6. At least seventeen (17) people kidnapped, bringing in at least 1.889.500 US dollars, two murders and missing persons are to the credit of the Gallil gang. In a controversial non-jury-assisted hearing on April 17, 2015, Judge Lamarre Bélizaire released them.
  7. About public and private ports. All day long, shipments of weapons and ammunition are discovered in public (Saint-Marc, Port-de-Paix, Cap Haitian, Port-au-Prince…) and private (Laffito…) ports. Weapons intended for the police are diverted. According to CNDDR, 11 families are involved in the illicit trafficking of weapons and ammunition. Very influential people in the Jovenel Moïse administration support the gangs with money, weapons, ammunition and information.
  8. New strategies in relation to the expansion of gangs (over 150). Today, with more than 150 armed groups throughout the country, better structured (G9 an fanmi e alyé [family and allies]/5G) and positioned, new strategies are being implemented. Gangs are used to guard the kidnapped. Odma, the former chief of Savien, has pointed this out many times. When they become embarrassing, they are executed. For example, Arnel Joseph[4], former gang leader of Village-de-Dieu, escaped from the Croix-des-Bouquets prison following a planned mutiny and was executed in Montrouis as he was about to return to his base.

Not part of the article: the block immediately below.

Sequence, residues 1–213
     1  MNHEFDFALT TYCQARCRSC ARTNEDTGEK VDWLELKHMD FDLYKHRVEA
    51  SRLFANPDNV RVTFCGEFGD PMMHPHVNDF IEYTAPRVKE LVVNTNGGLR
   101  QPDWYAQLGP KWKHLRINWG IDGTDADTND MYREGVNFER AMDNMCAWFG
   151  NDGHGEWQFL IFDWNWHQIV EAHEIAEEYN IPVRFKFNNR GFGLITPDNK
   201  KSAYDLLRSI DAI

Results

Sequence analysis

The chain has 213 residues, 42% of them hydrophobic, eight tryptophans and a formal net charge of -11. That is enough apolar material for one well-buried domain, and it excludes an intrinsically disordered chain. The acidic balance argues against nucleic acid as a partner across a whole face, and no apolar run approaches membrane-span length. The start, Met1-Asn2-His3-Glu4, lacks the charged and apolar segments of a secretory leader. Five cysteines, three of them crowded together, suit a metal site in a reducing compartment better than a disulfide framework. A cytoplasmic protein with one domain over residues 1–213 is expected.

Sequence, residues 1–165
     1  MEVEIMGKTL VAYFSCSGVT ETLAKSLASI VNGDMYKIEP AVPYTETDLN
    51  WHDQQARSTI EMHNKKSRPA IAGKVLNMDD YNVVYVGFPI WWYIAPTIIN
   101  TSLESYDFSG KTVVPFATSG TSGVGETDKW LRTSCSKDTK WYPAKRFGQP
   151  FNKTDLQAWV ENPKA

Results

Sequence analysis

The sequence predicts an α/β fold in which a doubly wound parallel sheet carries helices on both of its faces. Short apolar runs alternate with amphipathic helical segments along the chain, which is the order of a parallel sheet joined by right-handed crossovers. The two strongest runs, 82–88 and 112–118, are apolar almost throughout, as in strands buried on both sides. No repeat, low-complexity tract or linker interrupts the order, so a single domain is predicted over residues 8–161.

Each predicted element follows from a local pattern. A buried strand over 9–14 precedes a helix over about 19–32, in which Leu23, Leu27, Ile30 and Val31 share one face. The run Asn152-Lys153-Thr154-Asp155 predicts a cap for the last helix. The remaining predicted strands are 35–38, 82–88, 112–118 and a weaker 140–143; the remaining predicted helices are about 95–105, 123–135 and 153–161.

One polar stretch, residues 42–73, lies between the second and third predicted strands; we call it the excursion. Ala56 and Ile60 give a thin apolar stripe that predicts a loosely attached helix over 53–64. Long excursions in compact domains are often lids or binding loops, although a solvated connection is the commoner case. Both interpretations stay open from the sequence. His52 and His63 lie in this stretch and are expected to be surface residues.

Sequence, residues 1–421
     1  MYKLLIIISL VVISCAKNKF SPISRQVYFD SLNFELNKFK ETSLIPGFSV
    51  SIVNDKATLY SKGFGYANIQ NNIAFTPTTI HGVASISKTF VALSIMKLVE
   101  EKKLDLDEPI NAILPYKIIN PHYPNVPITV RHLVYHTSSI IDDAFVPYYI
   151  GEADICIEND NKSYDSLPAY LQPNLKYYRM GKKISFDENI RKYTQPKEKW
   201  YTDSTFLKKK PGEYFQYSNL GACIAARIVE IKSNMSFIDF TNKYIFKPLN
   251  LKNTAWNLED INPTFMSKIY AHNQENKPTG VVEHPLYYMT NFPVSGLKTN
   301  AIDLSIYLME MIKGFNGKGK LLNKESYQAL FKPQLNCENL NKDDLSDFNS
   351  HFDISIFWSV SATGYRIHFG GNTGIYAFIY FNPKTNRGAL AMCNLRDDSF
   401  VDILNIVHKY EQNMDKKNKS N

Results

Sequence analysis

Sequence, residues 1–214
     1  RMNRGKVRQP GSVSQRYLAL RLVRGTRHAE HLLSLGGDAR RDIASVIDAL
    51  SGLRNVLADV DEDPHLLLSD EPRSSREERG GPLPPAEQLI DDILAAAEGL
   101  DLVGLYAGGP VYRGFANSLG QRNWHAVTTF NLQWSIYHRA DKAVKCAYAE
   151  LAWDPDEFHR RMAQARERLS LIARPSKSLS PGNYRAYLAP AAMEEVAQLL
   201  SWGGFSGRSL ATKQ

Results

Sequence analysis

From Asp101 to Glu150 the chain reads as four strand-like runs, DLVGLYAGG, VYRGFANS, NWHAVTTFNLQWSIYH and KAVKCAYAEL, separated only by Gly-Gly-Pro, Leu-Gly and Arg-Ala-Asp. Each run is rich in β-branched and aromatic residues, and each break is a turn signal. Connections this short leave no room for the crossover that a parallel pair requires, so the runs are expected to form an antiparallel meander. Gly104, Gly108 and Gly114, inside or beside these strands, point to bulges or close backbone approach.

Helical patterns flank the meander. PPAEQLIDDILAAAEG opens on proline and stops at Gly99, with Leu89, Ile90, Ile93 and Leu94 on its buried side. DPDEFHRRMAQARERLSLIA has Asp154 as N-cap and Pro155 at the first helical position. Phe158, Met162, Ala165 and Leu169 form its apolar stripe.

9. The complexity of the kidnapping cannot be approached solely on the basis of internal parameters. Thus, it is necessary to explore avenues related to transnational crime.

French version : Kidnapping : bulletin #4 – avril 2021

[1] It should be noted that this figure may be revised upwards in the annual report, should the mechanisms instituted in the process provide additional reliable information.

[2] For example: Mr. Jean-Baptiste Condestin was abducted on March 5, 2021, while bringing the ransom demanded for the release of his father, who was abducted on February 28, 2021, at his gas pump in Mariani. Another ransom was paid for his release.
Mr. Kénol Félix, owner of the Sainte-Rose de Lima funeral business, was kidnapped on the morning of March 19, 2021, on Saint-Honoré Street, near the business. The kidnappers kidnapped the person in charge of carrying the ransom and kept Mr. Felix until the following April 2, when he was released for another ransom. On their way back from a funeral, a woman and her husband were kidnapped in Mariani (south entrance of Port-au-Prince). The kidnappers repeatedly raped her while her husband watched helplessly. After the payment, she was released in order to bring another ransom to obtain the release of the husband. The husband was executed while the lady who brought the ransom looked on.

[3] Around 1995 and 1996, drug money, corruption and other criminal activities began to influence public power. This process gave birth to a 47th legislature (2000 elections), with many drug dealers and the public administration was largely controlled by this money (laundering…)..

[4] Arrested on July 22, 2019 in Les Cayes, South Department, Arnel Joseph appeared respectively on January 25, 2021 before the investigating judge Ykenson Edumé. There is no doubt that sensitive information was shared.